Salazar was a Los Angeles Times reporter who covered the Vietnam War and then became news director for the Spanish-language television station KMEX in January 1970.
OAKLAND, Calif. — African American Renaissance man Paul Robeson would have turned 110 on April 9. To celebrate, the Bay Area Paul Robeson Centennial Committee presented “A Hero For All Time,” an exhibition from its holdings, illustrating Robeson’s legacy as a “world-renowned scholar, athlete, singer, actor and fighter for freedom, peace and social justice for all.” The exhibition is installed at Oakland’s City Hall, One Frank H. Ogawa Plaza, through April 30, and is open for public viewing weekdays from 9 a.m. to 5 p.m.
BERKELEY, Calif. CHICAGO MICHIGAN OAKLAND, Calif. ST LOUIS TUCSON, Ariz.
Disturbing news continues to emerge from beneath the waves. In December, science journals reported that disappearing deep-sea species could trigger an ocean-wide collapse of sea life, that global warming is destroying coral — and that loss of top predators is knocking ocean ecosystems out of whack.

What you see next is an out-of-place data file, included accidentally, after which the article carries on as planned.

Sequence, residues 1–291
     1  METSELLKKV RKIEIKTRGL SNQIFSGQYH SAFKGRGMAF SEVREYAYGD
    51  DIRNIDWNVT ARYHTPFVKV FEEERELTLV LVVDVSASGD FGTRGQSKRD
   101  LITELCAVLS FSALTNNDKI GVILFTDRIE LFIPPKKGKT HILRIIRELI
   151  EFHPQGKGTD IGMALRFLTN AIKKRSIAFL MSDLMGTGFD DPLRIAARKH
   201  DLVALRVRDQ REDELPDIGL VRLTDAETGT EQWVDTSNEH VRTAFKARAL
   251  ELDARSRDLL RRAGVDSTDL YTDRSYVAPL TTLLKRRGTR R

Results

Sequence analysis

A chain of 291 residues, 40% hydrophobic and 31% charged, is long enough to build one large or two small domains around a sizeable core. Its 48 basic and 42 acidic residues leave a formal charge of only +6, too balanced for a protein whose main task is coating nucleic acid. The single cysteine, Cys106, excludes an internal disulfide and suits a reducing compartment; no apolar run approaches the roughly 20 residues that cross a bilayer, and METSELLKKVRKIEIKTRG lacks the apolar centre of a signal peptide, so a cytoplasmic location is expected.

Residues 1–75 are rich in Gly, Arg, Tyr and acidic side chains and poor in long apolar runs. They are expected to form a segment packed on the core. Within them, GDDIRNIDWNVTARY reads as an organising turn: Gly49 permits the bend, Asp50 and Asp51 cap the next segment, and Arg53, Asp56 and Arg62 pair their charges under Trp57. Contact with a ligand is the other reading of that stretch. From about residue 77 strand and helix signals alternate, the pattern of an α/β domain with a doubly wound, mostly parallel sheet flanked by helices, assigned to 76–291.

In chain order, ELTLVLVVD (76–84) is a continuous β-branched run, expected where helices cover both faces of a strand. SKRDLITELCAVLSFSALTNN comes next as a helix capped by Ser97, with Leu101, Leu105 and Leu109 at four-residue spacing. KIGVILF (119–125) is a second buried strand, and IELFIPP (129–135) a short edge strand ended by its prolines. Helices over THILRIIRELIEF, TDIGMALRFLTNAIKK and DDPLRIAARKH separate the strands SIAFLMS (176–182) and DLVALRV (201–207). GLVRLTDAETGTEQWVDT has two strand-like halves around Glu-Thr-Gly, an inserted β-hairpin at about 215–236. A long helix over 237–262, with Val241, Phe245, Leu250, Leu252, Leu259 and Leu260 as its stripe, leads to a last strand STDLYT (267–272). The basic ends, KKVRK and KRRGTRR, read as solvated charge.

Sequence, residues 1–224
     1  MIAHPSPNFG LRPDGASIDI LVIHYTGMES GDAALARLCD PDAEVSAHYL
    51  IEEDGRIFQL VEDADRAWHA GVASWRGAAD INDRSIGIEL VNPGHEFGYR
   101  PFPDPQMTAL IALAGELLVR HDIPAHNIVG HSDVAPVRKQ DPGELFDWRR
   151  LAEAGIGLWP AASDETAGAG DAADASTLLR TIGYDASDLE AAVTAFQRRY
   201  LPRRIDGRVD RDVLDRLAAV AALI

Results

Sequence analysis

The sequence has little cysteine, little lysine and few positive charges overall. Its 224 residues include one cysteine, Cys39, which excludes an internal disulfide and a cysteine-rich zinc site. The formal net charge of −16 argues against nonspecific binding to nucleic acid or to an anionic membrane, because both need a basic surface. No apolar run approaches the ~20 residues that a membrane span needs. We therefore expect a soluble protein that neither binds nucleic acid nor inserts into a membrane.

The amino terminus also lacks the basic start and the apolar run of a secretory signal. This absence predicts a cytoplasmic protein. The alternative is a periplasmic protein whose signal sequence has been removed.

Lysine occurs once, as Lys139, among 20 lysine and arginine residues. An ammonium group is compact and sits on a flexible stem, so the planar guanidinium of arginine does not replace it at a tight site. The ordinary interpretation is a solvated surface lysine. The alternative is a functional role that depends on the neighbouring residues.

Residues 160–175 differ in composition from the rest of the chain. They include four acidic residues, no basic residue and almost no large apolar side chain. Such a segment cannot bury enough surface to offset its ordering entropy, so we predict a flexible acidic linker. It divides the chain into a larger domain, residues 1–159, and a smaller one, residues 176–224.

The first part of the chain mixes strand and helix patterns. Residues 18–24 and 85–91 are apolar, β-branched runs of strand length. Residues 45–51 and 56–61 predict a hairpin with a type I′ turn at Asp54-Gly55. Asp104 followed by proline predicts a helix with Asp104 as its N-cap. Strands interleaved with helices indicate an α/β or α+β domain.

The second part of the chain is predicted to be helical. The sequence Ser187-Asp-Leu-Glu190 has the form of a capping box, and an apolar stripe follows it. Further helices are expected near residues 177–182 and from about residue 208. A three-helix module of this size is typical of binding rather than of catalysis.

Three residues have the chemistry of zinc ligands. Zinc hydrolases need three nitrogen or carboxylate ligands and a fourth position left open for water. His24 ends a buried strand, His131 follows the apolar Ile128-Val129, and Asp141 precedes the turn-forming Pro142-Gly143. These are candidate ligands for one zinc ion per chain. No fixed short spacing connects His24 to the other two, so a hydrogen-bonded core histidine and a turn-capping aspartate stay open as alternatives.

Trends in privately funded research and development tell a lot about the kinds of investments corporations are planning for the future, and what kinds of occupations will be growing or declining both in the United States and around the world.
Among the necessities for human life — indeed, all life — food obviously occupies a central place. In recent decades advances in agriculture and in the ability to distribute food around the world seemed to promise an end to the age-old scourge of famine.
The first Earth Day in 1970 symbolized our growing awareness of problems in the relationship of human production to nature on which we depend for survival. The problems are rapidly escalating.
Venezuelan Vice President Ramón Carrizalez closed a last ditch meeting April 9 between officials of Venezuela’s giant Sidor steel plant and representatives of the United Steel Industry Workers Union (SUTISS) with the announcement that Sidor would be re-nationalized.